Full page view
HISTORY

The working title for this film was Spring 3100 . FD lists Ray Snyder rather than Viola Lawrence as film ... More Less

The working title for this film was Spring 3100 . FD lists Ray Snyder rather than Viola Lawrence as film editor. More Less

BIBLIOGRAPHIC SOURCES
SOURCE
DATE
PAGE
Film Daily
23 Nov 34
p. 10.
Hollywood Reporter
24 Nov 34
p. 3.
Motion Picture Daily
12 Nov 34
p. 3.
Motion Picture Herald
15 Dec 34
p. 41.
Variety
27 Nov 34
p. 63.
CAST
NAME
CREDITED AS
CREDIT
Montague Shaw
Jack Kenney
Eddie Hearn
Clarence L. Sherwood
J. L. Lindsey
Allen Caven
Ed Brandenburg
Isabelle La Mal
+
PRODUCTION CREDITS
NAME
PARENT COMPANY
PRODUCTION TEXT
Harry Cohn, President
NAME
CREDITED AS
CREDIT
DIRECTORS
Asst dir
PRODUCER
PHOTOGRAPHY
Photog
FILM EDITOR
Film ed
SOUND
STAND INS
Stand-in for Nancy Carroll
Stand-in for George Murphy
SOURCES
LITERARY
Based on the play Spring 3100 by Argyll Campbell and Willard Mack (New York, 15 Feb 1928).
DETAILS
Alternate Title:
Spring 3100
Release Date:
20 November 1934
Production Date:
8 September--1 October 1934
Copyright Claimant:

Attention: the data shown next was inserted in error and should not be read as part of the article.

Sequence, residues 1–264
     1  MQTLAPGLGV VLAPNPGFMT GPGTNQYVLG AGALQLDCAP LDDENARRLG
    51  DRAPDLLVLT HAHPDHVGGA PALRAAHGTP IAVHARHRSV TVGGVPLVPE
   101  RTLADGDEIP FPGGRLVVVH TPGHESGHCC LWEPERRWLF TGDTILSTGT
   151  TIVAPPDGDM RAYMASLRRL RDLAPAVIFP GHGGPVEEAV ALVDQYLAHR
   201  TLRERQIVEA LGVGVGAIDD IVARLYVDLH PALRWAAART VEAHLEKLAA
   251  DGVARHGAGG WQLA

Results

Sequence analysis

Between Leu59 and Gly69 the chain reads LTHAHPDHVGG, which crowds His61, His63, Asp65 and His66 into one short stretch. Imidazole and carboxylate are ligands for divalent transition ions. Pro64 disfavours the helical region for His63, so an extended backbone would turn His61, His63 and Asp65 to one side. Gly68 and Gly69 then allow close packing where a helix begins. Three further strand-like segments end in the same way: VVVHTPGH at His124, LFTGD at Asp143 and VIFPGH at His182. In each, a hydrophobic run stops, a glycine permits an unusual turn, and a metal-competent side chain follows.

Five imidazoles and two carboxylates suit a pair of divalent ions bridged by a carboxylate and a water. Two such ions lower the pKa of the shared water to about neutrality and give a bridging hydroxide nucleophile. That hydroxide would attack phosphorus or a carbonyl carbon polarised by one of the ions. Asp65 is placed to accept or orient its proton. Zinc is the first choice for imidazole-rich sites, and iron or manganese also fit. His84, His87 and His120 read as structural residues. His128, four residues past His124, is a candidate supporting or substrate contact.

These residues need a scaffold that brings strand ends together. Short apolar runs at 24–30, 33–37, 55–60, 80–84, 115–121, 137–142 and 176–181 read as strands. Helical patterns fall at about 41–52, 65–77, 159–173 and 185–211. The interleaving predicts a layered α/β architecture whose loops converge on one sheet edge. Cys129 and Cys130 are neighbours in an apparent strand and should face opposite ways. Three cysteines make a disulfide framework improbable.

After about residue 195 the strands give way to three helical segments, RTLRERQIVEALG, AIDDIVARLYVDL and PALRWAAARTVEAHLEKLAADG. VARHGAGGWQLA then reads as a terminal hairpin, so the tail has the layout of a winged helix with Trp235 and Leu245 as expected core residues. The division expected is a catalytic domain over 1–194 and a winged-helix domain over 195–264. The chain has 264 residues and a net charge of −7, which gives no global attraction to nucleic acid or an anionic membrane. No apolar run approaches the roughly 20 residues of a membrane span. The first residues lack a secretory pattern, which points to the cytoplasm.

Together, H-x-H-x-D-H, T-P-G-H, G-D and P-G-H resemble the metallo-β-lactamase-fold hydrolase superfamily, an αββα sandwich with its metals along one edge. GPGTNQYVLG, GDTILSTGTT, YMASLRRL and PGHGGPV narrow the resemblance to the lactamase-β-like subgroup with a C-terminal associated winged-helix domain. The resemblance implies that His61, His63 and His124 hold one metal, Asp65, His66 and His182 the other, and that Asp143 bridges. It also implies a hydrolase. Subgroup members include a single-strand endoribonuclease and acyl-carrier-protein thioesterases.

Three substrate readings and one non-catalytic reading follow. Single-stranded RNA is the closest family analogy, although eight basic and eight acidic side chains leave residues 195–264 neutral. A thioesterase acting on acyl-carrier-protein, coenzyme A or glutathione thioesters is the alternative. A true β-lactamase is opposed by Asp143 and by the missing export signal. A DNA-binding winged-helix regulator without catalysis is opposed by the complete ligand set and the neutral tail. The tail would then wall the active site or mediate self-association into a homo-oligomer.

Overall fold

Columbia Pictures Corp. of California, Ltd.
Copyright Date:
12 November 1934
Copyright Number:
LP5095
Physical Properties:
Sound
Western Electric Noiseless Recording
Black and White
Duration(in mins):
60 or 66
Length(in reels):
7
Country:
United States
PCA No:
356
SYNOPSIS

On the night of his big fight, Larry O'Roarke finds his fiancée Josephine Douglas, working late for her boss, jeweler Mark Lambert, who has a reputation as a womanizer. When Jo refuses to leave to attend the fight, she and Larry argue and end their engagement. Back at work, Mark notices Jo crying, and when he learns what happened, he takes her to the arena. During the fight, Larry notices the couple and as a result, he receives a knockout punch. Larry awakes in his dressing room, and when Jo and Mark enter, Larry punches Mark, and Jo leaves angrily. Later, noticing Larry is morose, Mike Callahan, his chief handler, follows him to the apartment of Jo's family. The couple argue again, and Larry drives away with Jo and Mike following in a cab. When they catch up with Larry, the couple are reunited, and he promises never to be jealous again if she will quit her job. The next morning, they are married, and Mike gives them $500. After the honeymoon, Jo learns they are broke. Larry gets back into condition, and Mike arranges a rematch with the fighter who delivered the knockout punch. Later, when Jo's sister Penny drives by with salesman Jim Rainey, Larry mistakes her for Jo. Then, Larry, Jo, Penny and Jim, go to a nightclub, where they happen to meet Mark, and Larry leaves angrily. Jo agrees to go back to work for Mark in order to support them, but Larry believes the worst. He rushes to Mark's apartment and a vicious fight ensues. Larry shoots Mark and afterward is ... +